Personal Branding: Social Media Provides both the Blueprint and the Toolkit

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What’s an old fart like Len Berman doing on Twitter?  That was the subject of his recent talk at Mashable.  Personal branding is important for us all and as Len Berman explains, using web 2.0 and social media to brand himself  has been the key to continuation of his career.  Exerpts:

To watch Len Berman’s entire 15 minute talk at the Mashable conference, click here. Long, but worth it!

Summary: When you invest your efforts to create a product for someone else, you can be the best at what you do and still lack power and the control of your destiny.  When you create a valuable brand of your own, that gives you power and something to leverage.

Len Berman did this to create professional life post Ch. 4 local news, something he did not expect to have to do.  As he says, he had complete tunnel vision about he professional career for 40 years (his first reaction to Twitter was, “Who Gives a Shit?” !!!)

Now, Len Berman is Twitter’s biggest fan.  Social media provided him both the blueprint and the toolkit to develop his brand.


About Rhonda Hurwitz

Rhonda Hurwitz is a content strategist and marketing consultant who helps mid-sized businesses develop more effective online strategies. @rhondahurwitz on Twitter, and on
This entry was posted in personal branding, social media, twitter and tagged . Bookmark the permalink.

4 Responses to Personal Branding: Social Media Provides both the Blueprint and the Toolkit

  1. Barbra says:

    How inspiring! Its quite a struggle to consider whether it can truly be fulfilling for your blood, sweat and tears to benefit someone else. I’ve always like Len Berman and was sorry to see him dismissed from network TV. As someone looking for my ‘chapter two’ I can only hope it turns out as well as Len’s is.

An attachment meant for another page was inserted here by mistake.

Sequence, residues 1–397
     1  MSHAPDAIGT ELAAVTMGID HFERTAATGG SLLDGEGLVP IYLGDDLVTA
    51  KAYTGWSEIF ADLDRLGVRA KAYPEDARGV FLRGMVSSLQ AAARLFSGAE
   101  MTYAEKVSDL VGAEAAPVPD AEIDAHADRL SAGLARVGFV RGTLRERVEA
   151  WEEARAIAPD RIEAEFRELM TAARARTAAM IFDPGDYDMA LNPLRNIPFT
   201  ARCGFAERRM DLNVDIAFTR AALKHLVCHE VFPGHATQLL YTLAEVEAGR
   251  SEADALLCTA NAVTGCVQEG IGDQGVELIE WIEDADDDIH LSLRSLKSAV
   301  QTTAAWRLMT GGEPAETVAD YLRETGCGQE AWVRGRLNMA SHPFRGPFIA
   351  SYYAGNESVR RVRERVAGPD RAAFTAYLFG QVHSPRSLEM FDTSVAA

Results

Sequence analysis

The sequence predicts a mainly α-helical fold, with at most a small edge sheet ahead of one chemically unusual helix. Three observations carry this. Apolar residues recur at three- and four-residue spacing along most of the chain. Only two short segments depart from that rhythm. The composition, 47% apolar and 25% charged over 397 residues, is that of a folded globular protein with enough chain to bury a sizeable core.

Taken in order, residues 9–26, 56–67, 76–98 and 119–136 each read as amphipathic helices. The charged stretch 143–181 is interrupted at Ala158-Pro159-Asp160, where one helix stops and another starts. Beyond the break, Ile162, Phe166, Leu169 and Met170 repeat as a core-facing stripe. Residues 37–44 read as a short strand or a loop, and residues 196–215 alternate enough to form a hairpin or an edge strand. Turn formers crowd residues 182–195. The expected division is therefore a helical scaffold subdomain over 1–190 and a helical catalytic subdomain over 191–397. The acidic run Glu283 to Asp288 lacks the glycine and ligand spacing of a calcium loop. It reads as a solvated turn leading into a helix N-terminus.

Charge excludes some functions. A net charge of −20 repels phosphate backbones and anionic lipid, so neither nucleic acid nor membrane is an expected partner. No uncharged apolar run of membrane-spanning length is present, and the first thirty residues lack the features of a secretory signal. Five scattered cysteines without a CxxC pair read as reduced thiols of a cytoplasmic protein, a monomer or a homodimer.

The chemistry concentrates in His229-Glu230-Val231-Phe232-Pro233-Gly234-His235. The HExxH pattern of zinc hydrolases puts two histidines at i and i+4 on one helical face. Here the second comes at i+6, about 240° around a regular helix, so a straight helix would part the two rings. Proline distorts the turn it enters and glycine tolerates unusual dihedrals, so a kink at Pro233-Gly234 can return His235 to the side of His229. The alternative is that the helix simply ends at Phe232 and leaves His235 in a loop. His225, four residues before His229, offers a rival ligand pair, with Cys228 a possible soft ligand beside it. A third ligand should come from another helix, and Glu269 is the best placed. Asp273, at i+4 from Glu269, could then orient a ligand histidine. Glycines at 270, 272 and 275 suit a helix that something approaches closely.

• Many people manage their career based on an old paradigm of loyalty, when the new paradigm is all about free agency and Brand “me”. Hard to get used to the new normal.

      To your point about fulfillment and satisfaction, it’s OK to create value for others with one’s human capital, and derive satisfaction from that exchange. But the reality is that human capital is a depreciating asset, that peaks in value mid career and then begins to decline. To maintain the possibility of deriving satisfaction from work, one MUST develop one’s own brand to extend the life of and add value to one’s human capital! (can you tell I was an econ. major in college?)

      Re: personal situation, it is both scary and exciting to figure out how to fit into the new paradigm. Investments in human capital always a good idea, which education certainly is. Interesting to see how it will turn out for all of us in same boat!

  2. Laura says:

    Two years ago none of us even thought about Twitter, so the question really is – what comes next and can we adapt? We need open minds. If even Len Berman can figure it out, there’s hope for the rest of us too.

    • A guy named Tom Martin (who writes a really cool blog at Converse Digital, by the way) made the same exact point….the online world is changing so fast, being an “expert” is less important than being an “explorer”…and the really valuable skill is not in looking back, but in our willingness to change and adapt to new realities going forward. As you point out, things will certainly change. For instance, Facebook was just a college student app in 2006! Embracing change is the key (a la Len Berman!)

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